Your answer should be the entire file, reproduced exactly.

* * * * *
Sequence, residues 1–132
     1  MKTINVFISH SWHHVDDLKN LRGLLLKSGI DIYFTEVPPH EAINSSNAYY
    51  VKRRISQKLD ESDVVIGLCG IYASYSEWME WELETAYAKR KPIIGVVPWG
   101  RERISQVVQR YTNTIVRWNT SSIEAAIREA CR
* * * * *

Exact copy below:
Sequence, residues 1–132
     1  MKTINVFISH SWHHVDDLKN LRGLLLKSGI DIYFTEVPPH EAINSSNAYY
    51  VKRRISQKLD ESDVVIGLCG IYASYSEWME WELETAYAKR KPIIGVVPWG
   101  RERISQVVQR YTNTIVRWNT SSIEAAIREA CR